Budget

Prince George's Budget Shows Focus on Schools and Health

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Prince George’s County, Maryland’s new budget reflects a focus on education and health with less money budgeted for police and public safety.

"The conscience of this budget really is to focus on people," Prince George's County Executive Angela Alsobrooks said.

She said the county’s $4.6 billion budget for fiscal year 2022 sends a clear message.

“I have long said that economic development is great but human development is our aim, and so this budget, I think, speaks to our real interest in really building the people of this county," she said.

The Board of Education is getting a $64.4 million increase, its highest in recent history. That money is expected to go to teacher salary increases and new school construction.

“We have a very deserving CEO, school system,” Alsobrooks said. “They worked really hard during this pandemic, and we trust that they can well use what we've sent there, but you're right, it's a significant part of our budget — 62% of the county’s budget does support education."

There's also an increase in health funding with an emphasis on mental health resources.

“This budget gave us an opportunity to address many of the disparities and the inequities that were unearthed in this pandemic,” Alsobrooks said. “And so we've made major investments in building the health infrastructure of the county that had been underfunded for decades."
But public safety saw major decreases: 44.2 million for the sheriff's department and $12.8 million for the police department. Prince George's County police is down almost 400 officers from what it authorized to have, according to the police union. The department can't find enough recruits to replace the officers it loses.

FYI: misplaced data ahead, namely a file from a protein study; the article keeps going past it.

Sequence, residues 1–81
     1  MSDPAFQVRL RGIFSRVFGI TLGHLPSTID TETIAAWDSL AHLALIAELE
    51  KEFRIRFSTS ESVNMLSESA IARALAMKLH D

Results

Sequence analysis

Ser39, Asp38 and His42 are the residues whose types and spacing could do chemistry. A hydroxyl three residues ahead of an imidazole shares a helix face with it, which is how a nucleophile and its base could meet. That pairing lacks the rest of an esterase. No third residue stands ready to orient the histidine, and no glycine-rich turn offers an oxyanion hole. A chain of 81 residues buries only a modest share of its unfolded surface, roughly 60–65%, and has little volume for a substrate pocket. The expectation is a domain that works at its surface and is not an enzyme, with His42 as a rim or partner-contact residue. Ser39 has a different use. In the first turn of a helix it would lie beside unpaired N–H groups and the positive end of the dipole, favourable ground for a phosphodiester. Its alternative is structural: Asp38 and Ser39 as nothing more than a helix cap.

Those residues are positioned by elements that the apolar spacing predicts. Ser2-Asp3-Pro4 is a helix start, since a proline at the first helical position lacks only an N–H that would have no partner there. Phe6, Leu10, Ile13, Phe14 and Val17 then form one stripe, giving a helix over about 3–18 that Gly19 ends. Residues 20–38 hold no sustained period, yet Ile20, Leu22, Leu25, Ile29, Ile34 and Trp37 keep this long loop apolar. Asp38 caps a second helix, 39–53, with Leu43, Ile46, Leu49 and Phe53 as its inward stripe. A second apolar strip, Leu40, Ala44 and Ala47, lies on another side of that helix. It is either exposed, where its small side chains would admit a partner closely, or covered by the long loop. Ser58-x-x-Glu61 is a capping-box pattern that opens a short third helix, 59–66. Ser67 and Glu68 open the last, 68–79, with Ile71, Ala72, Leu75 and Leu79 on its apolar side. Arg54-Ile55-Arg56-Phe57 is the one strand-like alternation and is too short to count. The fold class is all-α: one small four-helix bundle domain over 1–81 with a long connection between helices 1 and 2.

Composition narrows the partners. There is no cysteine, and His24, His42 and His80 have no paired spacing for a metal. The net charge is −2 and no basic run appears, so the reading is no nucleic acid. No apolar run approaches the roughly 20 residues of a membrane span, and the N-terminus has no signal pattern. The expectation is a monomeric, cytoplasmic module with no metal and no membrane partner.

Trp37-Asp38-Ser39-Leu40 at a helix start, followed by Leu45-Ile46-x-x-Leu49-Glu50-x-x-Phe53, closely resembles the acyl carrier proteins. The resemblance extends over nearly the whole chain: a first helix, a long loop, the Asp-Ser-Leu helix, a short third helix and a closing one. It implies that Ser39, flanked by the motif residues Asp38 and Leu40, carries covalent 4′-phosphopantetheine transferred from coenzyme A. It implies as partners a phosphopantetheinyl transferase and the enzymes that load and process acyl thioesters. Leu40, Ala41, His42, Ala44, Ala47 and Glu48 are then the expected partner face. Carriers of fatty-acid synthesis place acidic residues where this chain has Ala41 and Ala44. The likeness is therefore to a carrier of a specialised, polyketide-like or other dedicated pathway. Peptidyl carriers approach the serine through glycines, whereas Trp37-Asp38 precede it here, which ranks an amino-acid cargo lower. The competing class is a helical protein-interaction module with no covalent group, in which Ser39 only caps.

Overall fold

The county executive said while other parts of government now have that public safety money, it's not a defunding of police.

“We’re tending to the needs of our residents, but we also, I want our residents to know, when you call the police and want them to respond, they will be there ready to respond. They will have the funding they need, the training they need, to be able to respond," Alsobrooks said.

The Prince George’s County Council passed the budget this week. It takes effect July 1. Police agencies across the country are experiencing problems with recruitment. There are half a million dollars dedicated to that effort in the county's budget, and it's also a focus for the new police chief.

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